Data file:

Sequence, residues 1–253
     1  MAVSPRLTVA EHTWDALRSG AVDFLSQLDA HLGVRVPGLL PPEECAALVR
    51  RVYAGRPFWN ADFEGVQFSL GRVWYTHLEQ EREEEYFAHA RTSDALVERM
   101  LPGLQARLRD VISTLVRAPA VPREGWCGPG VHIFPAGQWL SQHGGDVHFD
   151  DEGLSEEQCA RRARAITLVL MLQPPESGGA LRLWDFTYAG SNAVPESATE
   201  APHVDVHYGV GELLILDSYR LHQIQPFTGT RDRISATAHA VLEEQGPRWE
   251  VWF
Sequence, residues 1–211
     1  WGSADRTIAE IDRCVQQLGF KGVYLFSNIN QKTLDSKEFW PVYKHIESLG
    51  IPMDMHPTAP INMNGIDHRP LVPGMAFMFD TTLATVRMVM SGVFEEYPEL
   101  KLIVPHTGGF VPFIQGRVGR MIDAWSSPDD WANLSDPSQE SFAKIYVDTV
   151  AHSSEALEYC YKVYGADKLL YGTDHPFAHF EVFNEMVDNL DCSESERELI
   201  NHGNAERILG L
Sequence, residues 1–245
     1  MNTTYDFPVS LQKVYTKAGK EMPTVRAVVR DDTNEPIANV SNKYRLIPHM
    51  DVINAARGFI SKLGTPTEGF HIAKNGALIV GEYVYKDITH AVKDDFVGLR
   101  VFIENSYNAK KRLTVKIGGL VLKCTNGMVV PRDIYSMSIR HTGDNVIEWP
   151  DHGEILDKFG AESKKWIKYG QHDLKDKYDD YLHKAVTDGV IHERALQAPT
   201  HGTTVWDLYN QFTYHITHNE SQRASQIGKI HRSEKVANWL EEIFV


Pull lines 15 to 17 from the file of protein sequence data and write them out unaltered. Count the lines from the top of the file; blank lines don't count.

     1  MNTTYDFPVS LQKVYTKAGK EMPTVRAVVR DDTNEPIANV SNKYRLIPHM
    51  DVINAARGFI SKLGTPTEGF HIAKNGALIV GEYVYKDITH AVKDDFVGLR
   101  VFIENSYNAK KRLTVKIGGL VLKCTNGMVV PRDIYSMSIR HTGDNVIEWP